Sparking Joy: Lydia Yamaguchi cultivates cultural connections in school gardens

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Lydia Yamaguchi. photo by Alec Yoshio MacDonald

Lydia Yamaguchi. photo by Alec Yoshio MacDonald

Visiting her grandparents as a child, Lydia Yamaguchi caught a captivating preview of her future career.

“My ojiichan had a pretty epic backyard garden,” she raved. “It felt like a little bit of a magical wonderland.”

Down in the suburban Orange County city of Tustin, Yamaguchi’s grandfather had set up a space behind his house for cultivating “everything that you could possibly grow in that climate and then some.” He churned out a cornucopia of crops such as beans, tomatoes and cucumbers, and maintained fruit trees that gave Yamaguchi one of her first tastes of a fresh-grown peach.

Straining to recall the full bounty of that backyard, she hypothesized, “I’m pretty sure he had eggplant, because he really liked eating eggplant,” before adding, “I just remember so many raised beds, and I was like, ‘How does all of this fit in this backyard?’”

Her chances to explore the space came mainly during Easter egg hunts or when her grandfather would “walk us through and show us what was growing, and maybe pick something.” Garden harvests often passed through the kitchen, where Yamaguchi’s grandmother — “the best cook that I have known” — would transform those fresh vegetables into tsukemono (Japanese pickles) and okazu (side dish). New Year celebrations prompted her grandmother to whip up dishes like nishime (a dish with simmered vegetables and other ingredients) and tempura, but a more routine offering of sautéed green beans with bacon stands as Yamaguchi’s favorite.

She sees her grandparents’ dedication to food production as a means of cultural preservation. Prior to World War II, both their families had worked in farming — her grandfather’s in the Salinas Valley and her grandmother’s near the Palos Verdes Peninsula. Following their wartime incarceration and subsequent release from separate prison camps, they met in the Los Angeles area and “started working in other industries,” bringing about what Yamaguchi described as “a disconnect from the land that they had tended, and from that way of life.” She said her grandfather held on to his agricultural identity by gardening, an activity through which “he kept that connection going.”

Relating this past to her current reality, the 30-year-old Yonsei declared, “It feels special to be able to keep that connection going in some way in the things that I do.”

As a wellness specialist for the Oakland Unified School District, Yamaguchi works with a team that supports school gardens across the city. They provide seeds, plant starts, mulch, compost and tools to those gardens, along with curriculum ideas and other informational resources. Based out of the District’s new Central Kitchen, Instructional Farm, and Education Center in West Oakland, the team also helps host school field trips, welcoming students in for tours of the facility’s greenhouse and raised beds.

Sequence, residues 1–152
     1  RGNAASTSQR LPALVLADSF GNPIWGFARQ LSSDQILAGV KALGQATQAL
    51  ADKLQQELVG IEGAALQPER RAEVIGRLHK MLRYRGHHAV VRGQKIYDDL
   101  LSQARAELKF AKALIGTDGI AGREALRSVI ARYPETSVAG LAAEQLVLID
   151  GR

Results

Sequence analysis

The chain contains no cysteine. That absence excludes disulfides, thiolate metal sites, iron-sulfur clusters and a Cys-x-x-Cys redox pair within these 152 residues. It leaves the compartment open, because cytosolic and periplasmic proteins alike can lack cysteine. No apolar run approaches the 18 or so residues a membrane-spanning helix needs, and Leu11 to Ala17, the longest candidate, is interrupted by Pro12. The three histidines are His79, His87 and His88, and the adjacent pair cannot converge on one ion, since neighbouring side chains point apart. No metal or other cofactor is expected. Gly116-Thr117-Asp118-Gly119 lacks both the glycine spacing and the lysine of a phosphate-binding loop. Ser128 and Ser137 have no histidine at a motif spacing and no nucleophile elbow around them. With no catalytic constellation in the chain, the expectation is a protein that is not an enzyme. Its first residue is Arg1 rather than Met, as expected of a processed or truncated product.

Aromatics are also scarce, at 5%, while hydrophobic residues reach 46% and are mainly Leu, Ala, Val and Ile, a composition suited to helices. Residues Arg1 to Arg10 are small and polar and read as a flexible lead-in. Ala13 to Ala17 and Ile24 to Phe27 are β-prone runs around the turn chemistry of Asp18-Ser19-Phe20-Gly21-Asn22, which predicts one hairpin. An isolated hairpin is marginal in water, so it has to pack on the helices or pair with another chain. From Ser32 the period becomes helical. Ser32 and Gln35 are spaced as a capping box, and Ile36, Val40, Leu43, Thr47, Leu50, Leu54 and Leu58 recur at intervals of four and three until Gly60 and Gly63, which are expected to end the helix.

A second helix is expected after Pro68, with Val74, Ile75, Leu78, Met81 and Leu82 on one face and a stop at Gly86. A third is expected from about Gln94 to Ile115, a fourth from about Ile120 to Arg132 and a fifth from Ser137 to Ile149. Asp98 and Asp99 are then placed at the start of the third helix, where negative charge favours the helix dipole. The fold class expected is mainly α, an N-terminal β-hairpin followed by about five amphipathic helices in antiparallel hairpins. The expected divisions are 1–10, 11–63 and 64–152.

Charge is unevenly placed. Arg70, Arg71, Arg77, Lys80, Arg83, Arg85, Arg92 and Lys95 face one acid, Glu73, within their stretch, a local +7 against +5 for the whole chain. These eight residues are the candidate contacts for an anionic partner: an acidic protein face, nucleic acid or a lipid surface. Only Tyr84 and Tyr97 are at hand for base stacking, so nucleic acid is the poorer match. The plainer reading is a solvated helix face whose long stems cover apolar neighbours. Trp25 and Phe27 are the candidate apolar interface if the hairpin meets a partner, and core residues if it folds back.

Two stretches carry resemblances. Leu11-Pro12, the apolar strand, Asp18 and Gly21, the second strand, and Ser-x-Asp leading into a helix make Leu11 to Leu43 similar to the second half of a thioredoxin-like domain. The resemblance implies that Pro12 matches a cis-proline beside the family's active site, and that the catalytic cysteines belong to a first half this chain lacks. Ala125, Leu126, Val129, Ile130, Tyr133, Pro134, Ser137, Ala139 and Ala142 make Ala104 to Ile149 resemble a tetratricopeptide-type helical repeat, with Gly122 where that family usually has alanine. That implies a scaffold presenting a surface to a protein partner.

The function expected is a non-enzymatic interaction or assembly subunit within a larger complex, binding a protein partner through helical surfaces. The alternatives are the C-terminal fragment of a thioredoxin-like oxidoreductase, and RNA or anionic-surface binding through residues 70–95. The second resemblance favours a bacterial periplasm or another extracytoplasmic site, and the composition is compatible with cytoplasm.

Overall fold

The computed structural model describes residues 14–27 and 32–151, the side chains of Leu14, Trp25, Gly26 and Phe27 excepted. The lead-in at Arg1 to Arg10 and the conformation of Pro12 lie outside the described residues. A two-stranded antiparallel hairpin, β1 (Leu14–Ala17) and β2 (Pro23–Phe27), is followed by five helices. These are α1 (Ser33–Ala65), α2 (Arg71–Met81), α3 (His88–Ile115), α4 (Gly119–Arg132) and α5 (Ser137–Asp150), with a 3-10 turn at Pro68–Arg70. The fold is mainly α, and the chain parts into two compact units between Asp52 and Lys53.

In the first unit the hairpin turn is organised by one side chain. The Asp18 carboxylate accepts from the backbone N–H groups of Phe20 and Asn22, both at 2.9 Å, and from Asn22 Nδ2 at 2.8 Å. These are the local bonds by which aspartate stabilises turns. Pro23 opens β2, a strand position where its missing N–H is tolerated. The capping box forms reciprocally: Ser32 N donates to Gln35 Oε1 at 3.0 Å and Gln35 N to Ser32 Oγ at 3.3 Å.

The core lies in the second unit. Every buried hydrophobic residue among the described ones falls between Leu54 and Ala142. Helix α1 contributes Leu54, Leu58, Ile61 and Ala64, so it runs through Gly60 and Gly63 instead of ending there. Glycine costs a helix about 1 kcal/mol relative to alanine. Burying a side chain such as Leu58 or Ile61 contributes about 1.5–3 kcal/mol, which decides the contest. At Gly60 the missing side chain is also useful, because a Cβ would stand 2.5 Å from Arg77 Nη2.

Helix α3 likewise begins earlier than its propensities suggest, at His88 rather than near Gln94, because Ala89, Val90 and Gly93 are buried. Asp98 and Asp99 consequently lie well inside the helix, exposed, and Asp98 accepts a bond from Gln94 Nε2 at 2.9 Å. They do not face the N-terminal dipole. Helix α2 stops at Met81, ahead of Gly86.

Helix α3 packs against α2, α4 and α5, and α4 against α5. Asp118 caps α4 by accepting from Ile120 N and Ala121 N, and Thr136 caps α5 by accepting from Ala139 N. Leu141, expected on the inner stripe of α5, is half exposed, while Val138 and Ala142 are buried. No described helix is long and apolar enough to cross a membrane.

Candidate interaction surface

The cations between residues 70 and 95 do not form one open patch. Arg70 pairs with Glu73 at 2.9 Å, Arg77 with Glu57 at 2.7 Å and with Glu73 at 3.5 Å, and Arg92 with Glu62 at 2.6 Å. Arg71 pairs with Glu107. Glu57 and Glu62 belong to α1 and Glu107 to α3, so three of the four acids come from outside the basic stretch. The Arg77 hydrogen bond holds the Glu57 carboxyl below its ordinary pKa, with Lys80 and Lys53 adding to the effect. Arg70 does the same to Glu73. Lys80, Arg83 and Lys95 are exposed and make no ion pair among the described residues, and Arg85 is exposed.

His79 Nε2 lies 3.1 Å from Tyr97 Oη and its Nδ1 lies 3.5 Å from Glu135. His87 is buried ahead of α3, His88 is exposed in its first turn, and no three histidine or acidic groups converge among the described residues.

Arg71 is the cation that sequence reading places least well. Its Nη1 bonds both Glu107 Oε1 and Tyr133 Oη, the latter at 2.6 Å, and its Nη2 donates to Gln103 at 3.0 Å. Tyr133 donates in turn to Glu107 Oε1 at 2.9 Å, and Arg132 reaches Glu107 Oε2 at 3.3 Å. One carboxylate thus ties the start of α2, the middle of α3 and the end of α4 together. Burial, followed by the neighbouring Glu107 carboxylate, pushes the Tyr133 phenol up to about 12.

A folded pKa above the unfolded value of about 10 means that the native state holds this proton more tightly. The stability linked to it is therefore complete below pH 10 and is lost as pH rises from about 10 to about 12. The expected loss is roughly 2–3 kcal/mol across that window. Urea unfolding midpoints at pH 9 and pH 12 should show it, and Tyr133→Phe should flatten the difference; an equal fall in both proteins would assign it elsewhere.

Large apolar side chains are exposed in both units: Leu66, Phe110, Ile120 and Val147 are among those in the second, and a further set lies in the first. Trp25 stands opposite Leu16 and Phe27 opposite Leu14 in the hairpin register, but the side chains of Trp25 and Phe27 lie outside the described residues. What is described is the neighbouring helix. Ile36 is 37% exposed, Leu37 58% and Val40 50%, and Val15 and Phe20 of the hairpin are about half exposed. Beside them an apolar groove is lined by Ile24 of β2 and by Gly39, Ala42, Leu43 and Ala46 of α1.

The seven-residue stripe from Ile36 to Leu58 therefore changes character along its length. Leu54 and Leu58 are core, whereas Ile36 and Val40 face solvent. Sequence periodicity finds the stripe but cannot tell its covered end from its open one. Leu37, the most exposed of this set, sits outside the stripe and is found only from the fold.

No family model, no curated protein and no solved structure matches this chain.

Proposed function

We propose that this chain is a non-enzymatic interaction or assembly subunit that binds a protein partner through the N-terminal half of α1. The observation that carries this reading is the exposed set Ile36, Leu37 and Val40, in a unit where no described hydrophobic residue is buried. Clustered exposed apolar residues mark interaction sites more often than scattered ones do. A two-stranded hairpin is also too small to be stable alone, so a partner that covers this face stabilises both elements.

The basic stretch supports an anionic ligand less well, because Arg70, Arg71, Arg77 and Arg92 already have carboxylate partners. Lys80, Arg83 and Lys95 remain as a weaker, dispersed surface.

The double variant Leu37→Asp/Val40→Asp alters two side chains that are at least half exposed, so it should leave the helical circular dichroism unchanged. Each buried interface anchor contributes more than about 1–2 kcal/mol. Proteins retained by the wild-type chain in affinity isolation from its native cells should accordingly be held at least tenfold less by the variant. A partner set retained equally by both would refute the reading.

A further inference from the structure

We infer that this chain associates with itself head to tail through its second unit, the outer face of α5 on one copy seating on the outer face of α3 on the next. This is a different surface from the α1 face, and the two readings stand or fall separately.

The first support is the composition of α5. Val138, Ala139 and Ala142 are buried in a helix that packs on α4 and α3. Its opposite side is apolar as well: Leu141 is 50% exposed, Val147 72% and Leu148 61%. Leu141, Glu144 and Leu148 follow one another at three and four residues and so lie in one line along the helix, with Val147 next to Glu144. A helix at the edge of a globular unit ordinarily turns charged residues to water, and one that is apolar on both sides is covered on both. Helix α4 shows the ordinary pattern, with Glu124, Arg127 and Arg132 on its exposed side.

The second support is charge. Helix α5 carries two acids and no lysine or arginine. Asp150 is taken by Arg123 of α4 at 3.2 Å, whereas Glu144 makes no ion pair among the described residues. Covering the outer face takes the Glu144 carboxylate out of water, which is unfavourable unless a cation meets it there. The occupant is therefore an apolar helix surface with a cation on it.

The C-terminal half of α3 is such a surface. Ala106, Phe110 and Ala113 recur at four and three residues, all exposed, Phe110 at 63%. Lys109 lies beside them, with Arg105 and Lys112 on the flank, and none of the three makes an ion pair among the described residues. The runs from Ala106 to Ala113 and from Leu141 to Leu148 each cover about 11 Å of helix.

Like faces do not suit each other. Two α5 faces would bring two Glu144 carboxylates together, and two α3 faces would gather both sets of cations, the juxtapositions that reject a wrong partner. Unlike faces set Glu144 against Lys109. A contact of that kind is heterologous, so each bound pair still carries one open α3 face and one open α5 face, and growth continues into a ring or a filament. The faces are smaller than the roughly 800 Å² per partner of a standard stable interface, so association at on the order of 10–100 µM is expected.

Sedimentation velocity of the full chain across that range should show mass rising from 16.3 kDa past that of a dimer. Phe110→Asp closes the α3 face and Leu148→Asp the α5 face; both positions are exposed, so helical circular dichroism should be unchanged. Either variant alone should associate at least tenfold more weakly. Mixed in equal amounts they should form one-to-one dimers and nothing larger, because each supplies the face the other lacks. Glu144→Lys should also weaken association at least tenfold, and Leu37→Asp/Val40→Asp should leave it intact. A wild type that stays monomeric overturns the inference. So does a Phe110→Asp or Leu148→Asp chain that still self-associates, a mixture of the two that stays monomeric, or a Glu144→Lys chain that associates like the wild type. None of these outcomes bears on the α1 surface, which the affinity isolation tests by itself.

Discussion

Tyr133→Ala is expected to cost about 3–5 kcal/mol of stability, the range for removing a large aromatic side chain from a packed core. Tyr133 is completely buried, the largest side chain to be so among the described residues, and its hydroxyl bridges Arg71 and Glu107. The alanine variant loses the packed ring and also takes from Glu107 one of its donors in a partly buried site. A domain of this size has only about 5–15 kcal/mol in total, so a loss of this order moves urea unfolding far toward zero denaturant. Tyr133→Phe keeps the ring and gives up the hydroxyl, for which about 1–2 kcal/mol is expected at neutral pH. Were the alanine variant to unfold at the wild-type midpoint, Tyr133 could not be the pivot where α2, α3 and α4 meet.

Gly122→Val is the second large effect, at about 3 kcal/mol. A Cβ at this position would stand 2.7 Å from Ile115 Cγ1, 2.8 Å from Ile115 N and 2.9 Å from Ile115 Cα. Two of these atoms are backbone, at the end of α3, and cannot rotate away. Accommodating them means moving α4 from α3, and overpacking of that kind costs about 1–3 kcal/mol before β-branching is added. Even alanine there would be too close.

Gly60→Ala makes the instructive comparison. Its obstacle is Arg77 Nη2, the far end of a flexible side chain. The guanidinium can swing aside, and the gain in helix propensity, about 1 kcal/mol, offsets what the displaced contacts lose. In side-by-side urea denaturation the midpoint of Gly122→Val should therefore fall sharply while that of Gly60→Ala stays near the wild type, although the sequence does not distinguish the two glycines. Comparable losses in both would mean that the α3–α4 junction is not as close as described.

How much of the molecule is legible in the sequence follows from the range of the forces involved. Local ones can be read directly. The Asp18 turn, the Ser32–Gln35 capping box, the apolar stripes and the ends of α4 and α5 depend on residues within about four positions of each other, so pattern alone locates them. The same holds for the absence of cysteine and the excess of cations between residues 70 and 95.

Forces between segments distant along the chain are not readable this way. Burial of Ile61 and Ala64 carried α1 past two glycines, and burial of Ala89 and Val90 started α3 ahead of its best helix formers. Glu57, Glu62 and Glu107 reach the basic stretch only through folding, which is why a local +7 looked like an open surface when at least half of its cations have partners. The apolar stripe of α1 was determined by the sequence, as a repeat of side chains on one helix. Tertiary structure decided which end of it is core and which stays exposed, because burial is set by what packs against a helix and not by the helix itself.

“At the Center, we’ve gotten to do things like tasting raw vegetables that have been grown right here in this space,” noted Yamaguchi, adding that her coworkers have also taught classes on how to make kim chi and empanadas. She said visiting the Center gives students a chance to “see foods maybe that they’ve eaten often with their families, as well as foods that they’ve never tried before, and also try them in different stages” — all of which she hopes will enrich their understanding of how food systems operate.

In pursuit of that goal, the District runs a program called Harvest of the Month, which highlights seasonal, locally sourced produce. Every month, school cafeterias showcase a designated fruit or vegetable, the broader significance of which Yamaguchi and her colleagues explain with “education materials — everything from activity sheets, to lessons, to games, to videos — that we create.”

Yamaguchi’s favorite Harvest of the Month selection is the persimmon, featured last November.

Referring to the fruit by its Japanese name, she said, “I grew up with a kaki tree in my family’s backyard down in Long Beach,” proclaiming, “it’s something that I love.” Expressing a preference for the fuyu cultivar over the hachiya cultivar, she mentioned that her parents had mailed her boxes of kaki from the family’s tree “as a little taste of home” when she was in college on the other side of the country.

“When they come up as part of our cycle of Harvest of the Month,” Yamaguchi said, “I get a little bit extra excited.” The District’s promotion of persimmons has allowed her to express “my identity as a Japanese American person participating in the food system” while raising awareness that “Japanese people have a long history of cultivating them for a variety of uses.” Her relevant contributions to Harvest of the Month education materials have included a pair of videos: one at the end of 2020 demonstrating how to make hoshigaki (dried persimmons), and the other last year documenting her visit to a persimmon orchard in Japan’s Wakayama Prefecture.

Sharing footage of her overseas trip “felt like a way to bring that joy, a little bit of that whimsy, that cultural connection, across an ocean, across a city.”

This outlook reflects Yamaguchi’s attitude toward her work in general. As she summarized, “I think of gardening as something so joyful in many ways.” Having facilitated gardening education within the District since 2015, she knows from experience that upbeat encouragement can help newcomers overcome any sense of intimidation and embrace the activity.

“So for whoever’s out there that’s like, ‘Gardening’s cool, but I don’t know if it’s my thing,’” she invited them to simply dive in and give it a try. “Seeing what happens and what lights that spark,” she said, “is a great place to start.”

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